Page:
Naked You Die (1968)

  • Year: 1968
  • Released: 14 Aug 1968
  • Country: Italy, France
  • Adwords: N/A
  • IMDb:
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  • Available in: 720p, 1080p,
  • Language: Italian, English
  • MPA Rating: N/A
  • Genre: Horror, Mystery, Thriller
  • Runtime: 82 min
  • Writer: Giovanni Simonelli, Antonio Margheriti, Franco Bottari
  • Director: Antonio Margheriti
  • Cast: Mark Damon, Eleonora Brown, Sally Smith
  • Keywords: bikini giallo, giallo,
47% – Critics
false% – Audience

Naked You Die Storyline

The corpses are piling up at St. Hilda’s School for Girls, leaving top cop Michael Rennie with more than the usual suspects. Is the killer Mark Damon? Peeping Tom Luciano Pigozzi? Or someone else? Mario Bava’s original script “Cry Nightmare” was entrusted to director Antonio Margheriti. Be sure to see the Italian version which runs 98 mins. (the film was hacked by 15 minutes and retitled by American International Pictures to show mainly at drive-ins).—Monty Britton

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Naked You Die Movie Reviews

A giallo with a lighter tone than usual

This 60’s giallo is from the days before the genre truly took form. With the notable exception of Mario Bava’s Blood and Black Lace, gialli produced before Dario Argento’s groundbreaking debut The Bird with the Crystal Plumage were relatively restrained affairs with very little violence. Despite its exploitative-sounding title, Naked You Die is firmly in this bracket. It has a somewhat playful tone much of the time and the murders are very tame indeed and contrary to what you might reasonably expect from the title, there is no actual nudity either. Instead it’s a bloodless but reasonably stylish mystery-thriller that displays some key hallmarks of the genre.

The film starts out typically enough with a woman being murdered by a black-gloved assassin while taking a bath. Although the actual violence here – and throughout the movie – is extremely tame; the killer merely squeezes the victim’s necks quite lightly and briefly and they then fall over dead. It’s very soft stuff but is indicative of the tone of the film as a whole, as despite the girl-school setting and the topic of a maniac on the loose, the movie adopts an almost comic approach a lot of the time, with quite a lot of playful humour and a lightness of touch that certainly would not go on to be a recognisable feature of the giallo genre in subsequent years. Still the film does have other more typical elements of this sub-genre such as a great Euro soundtrack, some nice photography, a host of eccentric characters, a barrel-load of red herrings and a convoluted conclusion – this said ending is both predictable and senseless, while somehow still being quite effective.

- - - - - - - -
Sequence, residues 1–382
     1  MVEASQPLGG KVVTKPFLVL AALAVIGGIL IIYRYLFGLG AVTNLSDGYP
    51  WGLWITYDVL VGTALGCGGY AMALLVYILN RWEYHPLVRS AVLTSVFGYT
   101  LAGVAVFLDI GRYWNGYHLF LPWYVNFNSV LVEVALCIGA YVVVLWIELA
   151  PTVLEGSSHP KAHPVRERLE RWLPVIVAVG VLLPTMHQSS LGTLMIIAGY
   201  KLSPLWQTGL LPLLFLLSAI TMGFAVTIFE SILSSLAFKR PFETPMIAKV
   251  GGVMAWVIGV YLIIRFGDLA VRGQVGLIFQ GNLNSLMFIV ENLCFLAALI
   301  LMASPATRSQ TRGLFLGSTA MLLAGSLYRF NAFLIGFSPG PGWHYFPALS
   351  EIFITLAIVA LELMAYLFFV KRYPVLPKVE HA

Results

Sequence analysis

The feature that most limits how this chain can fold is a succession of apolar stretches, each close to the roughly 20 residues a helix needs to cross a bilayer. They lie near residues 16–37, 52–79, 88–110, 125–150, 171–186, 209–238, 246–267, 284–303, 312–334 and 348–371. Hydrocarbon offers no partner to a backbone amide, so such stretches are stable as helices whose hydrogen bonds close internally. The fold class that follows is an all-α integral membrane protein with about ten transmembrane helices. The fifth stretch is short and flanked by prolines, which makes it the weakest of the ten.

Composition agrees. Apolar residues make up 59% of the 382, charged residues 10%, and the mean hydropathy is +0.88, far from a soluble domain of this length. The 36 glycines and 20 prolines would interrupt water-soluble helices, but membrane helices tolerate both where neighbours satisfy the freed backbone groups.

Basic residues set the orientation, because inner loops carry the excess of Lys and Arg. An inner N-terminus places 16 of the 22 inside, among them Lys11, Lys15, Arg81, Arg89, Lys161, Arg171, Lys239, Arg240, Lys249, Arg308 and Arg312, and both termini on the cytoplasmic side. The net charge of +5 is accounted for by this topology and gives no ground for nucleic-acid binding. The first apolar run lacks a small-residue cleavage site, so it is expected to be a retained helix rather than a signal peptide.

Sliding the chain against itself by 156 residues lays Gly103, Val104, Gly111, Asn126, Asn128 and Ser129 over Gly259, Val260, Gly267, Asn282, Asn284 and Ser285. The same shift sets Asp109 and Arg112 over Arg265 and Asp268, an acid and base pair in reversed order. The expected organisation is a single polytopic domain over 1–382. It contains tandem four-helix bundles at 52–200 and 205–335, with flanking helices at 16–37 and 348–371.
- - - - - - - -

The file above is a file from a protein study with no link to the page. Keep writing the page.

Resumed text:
Naked You Die is not a prime example of giallo cinema. It’s a minor entry which showcases the type of films from the early days of the genre. It might disappoint those after something sleazy or violent. However, if you are at all a fan of this sub-genre then there is certainly enough here to enjoy. Just be aware that the thrills on offer are of a more breezy kind.

Clothed, They Die, Actually. – Beautifully Shot Giallo From Margheriti

Titles can be misleading. Antonio Margheriti’s “Nude… Si Muore” (aka. “Naked You Die”/”Schoolgirl Killer”) is NOT the exploitative and blood-soaked Giallo full of sleaze and nudity one might expect from its title. Sure, the film was made in 1968, at which time the Italian Giallo had not reached the sleaze and violence level it obtained in the early 70s, but the title “Naked You Die” still promises nastiness, especially in the wonderful Giallo-genre. What “Nude… Si Muore” is, however, is a superbly set, beautifully shot and atmospheric Giallo that sets its focus on the mystery, more than on the Horror elements. Yet I cannot deny that the film did just not quite reach my (very high) expectations. For two reasons, that is. First off, I am a great fan of the late genius director Antonio Margheriti. His brilliant Gothic masterpiece “Danza Macabra” (aka. “Castle Of Blood”, 1964, with the wonderful Barbara Steele, my favorite actress, in the lead) is a personal favorite of mine, and many of his other films, such as “La Vergine Di Norimberga” (“Terror Castle”, 1963) are also excellent films that every Horror fan must see. Secondly, this film was recommended to me by a fellow Giallo-buff as being particularly great and atmospheric. And atmospheric it is, and doubtlessly a very good thriller, but, as far as I am considered it is not a particularly impressive film within my beloved Giallo-sub-genre.